Quantitation of MCPyV capsid-specific antibodies

Serum was analyzed for the presence of MCPyV-specific neutralizing antibodies using a reporter vector-based assay that has been previously described [3]. Detailed protocols for reporter vector production and neutralization assay methods are available at ( Briefly, MCPyV-based reporter vectors (pseudovirions) were produced by transfecting 293TT cells [26] with plasmids pwM and ph2 m, expressing codon modified MCPyV VP1 and VP2 structural genes, along with the reporter plasmid phGluc. Plasmids used to produce viral stocks are available from Addgene ( Viral stocks were purified from the lysates of transfected cells by ultracentrifugation through iodixanol (Optiprep, Sigma) gradients. Heat-inactivated sera were diluted 1:100 and subjected to four-fold serial dilution. The diluted sera were mixed with reporter vector stock for 1 h at 4°C and used for transduction of 293TT cells that were seeded at 30,000 cells per well in 96-well plates. The assay used a reporter vector dose of 80 pg of VP1 per well. After 72 h, conditioned culture supernatants were assayed for luciferase activity using a Gaussia Luciferase Assay Kit (NEB) as instructed by the manufacturer. Prism software (Graphpad) was used to calculate the 50% neutralizing dilution (EC50) and the 95% confidence interval for each serum sample.

Statistical analysis

Prism software (Graphpad) was used for all analyses. We determined whether data were normally distributed using D’Agostino & Pearson omnibus K-squared test. Because neither the MCPyV DNA load data sets nor the MCPyV-neutralizing titer data sets displayed a normal Gaussian distribution, it was necessary to use a non-parametric test to determine correlations. Two-tailed Spearman rank correlation coefficients were obtained, along with the associated P value.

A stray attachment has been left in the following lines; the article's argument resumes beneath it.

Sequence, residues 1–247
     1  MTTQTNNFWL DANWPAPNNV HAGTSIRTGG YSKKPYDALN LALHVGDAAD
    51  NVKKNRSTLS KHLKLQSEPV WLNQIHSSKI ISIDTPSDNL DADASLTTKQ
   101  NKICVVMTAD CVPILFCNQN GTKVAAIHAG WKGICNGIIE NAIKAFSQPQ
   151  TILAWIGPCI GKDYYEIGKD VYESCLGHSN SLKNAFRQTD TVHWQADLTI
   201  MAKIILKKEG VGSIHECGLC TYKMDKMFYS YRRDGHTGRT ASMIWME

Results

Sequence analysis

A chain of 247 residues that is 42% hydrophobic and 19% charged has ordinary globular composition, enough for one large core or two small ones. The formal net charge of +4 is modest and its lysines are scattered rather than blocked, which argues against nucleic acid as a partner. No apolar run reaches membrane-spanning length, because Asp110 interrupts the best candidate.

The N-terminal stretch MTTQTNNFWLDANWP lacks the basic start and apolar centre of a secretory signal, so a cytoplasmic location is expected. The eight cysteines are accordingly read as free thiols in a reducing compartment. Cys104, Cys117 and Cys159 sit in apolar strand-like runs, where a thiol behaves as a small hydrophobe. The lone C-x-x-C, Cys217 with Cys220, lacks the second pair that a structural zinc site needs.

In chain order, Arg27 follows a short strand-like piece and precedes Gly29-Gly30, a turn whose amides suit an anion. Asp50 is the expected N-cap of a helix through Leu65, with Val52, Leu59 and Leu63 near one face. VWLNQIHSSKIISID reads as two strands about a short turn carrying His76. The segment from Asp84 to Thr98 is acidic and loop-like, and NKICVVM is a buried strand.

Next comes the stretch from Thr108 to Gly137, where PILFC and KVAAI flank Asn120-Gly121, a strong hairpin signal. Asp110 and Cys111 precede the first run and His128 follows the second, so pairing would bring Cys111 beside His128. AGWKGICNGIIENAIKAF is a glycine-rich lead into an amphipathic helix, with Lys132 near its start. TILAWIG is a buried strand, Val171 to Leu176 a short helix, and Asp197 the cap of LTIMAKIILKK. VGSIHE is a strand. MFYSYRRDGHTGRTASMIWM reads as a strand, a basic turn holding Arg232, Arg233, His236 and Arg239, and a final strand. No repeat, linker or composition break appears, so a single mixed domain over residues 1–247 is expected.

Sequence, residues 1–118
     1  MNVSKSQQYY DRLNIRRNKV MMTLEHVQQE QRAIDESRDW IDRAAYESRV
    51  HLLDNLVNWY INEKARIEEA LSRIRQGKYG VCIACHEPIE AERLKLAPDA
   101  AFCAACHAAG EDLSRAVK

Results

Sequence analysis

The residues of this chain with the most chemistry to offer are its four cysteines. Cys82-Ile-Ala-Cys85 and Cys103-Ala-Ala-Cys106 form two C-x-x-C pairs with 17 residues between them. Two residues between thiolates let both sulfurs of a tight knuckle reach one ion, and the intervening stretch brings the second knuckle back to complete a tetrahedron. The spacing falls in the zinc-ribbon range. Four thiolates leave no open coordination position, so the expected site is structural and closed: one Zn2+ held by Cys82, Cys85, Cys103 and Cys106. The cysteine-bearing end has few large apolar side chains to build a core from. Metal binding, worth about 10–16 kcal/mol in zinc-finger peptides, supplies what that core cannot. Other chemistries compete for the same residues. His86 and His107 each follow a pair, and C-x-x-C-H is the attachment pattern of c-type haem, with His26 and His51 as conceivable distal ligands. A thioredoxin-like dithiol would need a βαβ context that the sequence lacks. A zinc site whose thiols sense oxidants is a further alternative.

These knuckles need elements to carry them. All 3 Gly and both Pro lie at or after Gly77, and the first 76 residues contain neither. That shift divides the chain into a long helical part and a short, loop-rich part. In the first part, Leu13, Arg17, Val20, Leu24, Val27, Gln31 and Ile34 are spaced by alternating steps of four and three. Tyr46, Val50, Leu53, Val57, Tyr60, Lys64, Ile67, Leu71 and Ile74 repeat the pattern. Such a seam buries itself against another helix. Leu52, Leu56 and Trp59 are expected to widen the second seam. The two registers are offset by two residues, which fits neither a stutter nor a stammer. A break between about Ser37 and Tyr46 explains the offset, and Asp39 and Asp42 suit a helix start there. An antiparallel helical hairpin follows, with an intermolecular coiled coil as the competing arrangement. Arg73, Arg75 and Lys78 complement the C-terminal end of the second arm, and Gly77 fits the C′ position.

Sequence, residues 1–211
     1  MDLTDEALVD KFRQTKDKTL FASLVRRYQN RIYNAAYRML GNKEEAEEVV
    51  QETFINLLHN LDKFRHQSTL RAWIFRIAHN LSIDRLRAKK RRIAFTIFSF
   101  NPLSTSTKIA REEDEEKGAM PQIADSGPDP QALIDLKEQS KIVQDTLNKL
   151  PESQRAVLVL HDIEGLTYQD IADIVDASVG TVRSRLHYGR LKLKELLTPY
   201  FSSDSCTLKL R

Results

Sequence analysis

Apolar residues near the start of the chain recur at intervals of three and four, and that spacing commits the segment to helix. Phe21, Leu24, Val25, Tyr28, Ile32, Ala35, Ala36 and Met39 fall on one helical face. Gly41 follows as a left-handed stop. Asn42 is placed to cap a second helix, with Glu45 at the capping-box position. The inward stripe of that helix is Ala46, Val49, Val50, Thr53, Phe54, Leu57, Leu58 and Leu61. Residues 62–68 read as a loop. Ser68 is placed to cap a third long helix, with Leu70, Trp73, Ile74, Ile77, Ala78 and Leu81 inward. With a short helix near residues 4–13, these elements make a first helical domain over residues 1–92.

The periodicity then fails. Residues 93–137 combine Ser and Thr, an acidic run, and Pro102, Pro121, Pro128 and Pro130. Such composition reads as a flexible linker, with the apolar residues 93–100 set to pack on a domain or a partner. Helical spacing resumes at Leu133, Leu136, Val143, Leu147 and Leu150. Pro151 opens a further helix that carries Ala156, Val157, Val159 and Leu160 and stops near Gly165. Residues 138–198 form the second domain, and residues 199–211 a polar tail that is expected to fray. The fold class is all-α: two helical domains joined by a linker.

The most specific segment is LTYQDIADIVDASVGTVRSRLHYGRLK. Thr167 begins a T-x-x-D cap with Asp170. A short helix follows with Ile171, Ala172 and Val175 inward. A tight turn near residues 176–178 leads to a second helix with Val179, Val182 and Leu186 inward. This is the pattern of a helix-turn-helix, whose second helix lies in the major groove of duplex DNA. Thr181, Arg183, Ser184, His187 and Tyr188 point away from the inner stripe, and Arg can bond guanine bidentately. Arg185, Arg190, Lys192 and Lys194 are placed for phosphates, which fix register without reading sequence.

MCPyV viral load in skin from healthy volunteers

The presence of MCPyV DNA and virions on the skin of healthy volunteers has been demonstrated in several studies [1315, 27]. The high frequency at which the virus is found in the general population suggests that colonization/infection by the virus is probably both ubiquitous and chronic. In this study, swab specimens from two or three skin sites were tested for MCPyV DNA content by quantitative real-time PCR (qPCR), with the goal of determining whether the amount of MCPyV shed from the various sites was similar or different for a given individual. Subjects were sampled at various time points to determine whether the MCPyV DNA load remains constant through time.